Cyberspace voting


Here is an edited excerpt of an editorial from the Boston Globe, which was published Wednesday.

THE prospect of voters one day casting ballots on the Internet makes some people nervous. But it shouldn't.

Recent tests in Iowa and earlier this year in the state of Washington indicate that voter anonymity can be maintained and the system can be secured against fraud. More testing would have to be done before people vote from home computers in a national election. Chet Culver, Iowa's secretary of state, figures it will be here in 10 years.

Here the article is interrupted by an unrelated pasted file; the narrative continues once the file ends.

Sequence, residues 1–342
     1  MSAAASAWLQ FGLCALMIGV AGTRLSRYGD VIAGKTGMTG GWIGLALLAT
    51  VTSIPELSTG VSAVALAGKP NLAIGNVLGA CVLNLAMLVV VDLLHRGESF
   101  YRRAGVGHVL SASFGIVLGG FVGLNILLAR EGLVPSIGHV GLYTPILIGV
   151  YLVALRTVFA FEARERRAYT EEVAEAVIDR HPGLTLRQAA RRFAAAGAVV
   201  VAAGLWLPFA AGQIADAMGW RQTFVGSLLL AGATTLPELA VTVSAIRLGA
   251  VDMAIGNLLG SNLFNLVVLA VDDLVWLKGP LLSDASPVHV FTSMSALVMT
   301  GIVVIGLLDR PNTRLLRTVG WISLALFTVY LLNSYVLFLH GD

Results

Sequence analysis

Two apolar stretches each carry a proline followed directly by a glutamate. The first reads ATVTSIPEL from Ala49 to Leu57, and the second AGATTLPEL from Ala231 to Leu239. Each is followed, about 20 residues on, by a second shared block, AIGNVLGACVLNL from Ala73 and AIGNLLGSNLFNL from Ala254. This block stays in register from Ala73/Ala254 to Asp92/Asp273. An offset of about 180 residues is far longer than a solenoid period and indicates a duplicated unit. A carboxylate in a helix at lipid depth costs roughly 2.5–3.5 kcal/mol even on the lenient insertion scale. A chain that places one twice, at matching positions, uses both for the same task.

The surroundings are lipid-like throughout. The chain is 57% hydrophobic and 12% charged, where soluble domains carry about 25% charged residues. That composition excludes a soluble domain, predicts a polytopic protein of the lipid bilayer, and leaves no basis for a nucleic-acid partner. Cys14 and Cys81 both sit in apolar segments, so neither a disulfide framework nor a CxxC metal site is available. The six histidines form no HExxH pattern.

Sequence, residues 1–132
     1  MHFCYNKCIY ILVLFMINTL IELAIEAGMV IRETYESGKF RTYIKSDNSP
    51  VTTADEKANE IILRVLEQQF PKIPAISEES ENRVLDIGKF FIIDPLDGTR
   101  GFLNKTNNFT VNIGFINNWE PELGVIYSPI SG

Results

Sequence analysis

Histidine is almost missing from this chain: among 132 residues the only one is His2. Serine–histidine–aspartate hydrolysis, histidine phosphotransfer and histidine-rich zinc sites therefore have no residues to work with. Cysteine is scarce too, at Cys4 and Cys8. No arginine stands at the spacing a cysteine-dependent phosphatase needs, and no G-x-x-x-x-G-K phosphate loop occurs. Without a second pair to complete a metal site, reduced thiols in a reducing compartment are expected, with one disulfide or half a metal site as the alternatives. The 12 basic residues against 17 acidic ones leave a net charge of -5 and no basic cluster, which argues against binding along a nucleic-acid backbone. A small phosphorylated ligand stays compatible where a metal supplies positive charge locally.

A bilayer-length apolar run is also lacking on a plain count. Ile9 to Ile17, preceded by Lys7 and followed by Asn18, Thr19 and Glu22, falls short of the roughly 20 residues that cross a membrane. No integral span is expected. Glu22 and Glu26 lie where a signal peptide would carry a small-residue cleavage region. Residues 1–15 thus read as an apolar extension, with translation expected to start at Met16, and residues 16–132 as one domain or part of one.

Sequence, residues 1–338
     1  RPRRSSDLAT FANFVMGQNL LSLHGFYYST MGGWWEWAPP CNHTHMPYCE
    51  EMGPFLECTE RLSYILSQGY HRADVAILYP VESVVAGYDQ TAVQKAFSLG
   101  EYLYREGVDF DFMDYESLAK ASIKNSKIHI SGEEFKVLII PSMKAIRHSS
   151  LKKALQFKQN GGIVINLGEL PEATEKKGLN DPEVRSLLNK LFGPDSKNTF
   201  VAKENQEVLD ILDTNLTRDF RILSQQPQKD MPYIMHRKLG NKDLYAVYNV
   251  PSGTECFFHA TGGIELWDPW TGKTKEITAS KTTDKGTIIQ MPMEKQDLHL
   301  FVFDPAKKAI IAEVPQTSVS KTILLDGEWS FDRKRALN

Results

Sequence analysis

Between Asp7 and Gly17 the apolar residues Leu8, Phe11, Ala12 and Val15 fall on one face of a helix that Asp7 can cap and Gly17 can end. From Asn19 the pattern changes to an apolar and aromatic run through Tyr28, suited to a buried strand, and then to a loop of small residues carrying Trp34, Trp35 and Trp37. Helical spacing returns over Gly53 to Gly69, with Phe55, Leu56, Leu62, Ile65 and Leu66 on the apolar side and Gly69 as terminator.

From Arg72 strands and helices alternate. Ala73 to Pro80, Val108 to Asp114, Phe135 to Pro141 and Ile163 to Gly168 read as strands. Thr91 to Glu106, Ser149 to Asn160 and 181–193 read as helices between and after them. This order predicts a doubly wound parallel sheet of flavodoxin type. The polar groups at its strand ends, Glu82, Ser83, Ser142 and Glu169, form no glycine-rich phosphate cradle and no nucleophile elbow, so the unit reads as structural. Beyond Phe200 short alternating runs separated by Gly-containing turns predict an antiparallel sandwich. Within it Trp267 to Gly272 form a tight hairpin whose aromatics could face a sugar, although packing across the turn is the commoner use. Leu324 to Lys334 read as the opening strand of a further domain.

Mr. Culver wanted the trial run in his state to fire up young voters "intimidated by the current process." Only 15 percent of people age 18 to 24 vote in U.S. elections. The purist who remembers the 1950s junior high civics classes might want to boot these young people into the polls.

Purists worried about the blow the Internet might inflict on civic tradition should consider the pummeling democracy is taking from a turned-off electorate. Every tool of the communications age should be used to restart that vital engine.

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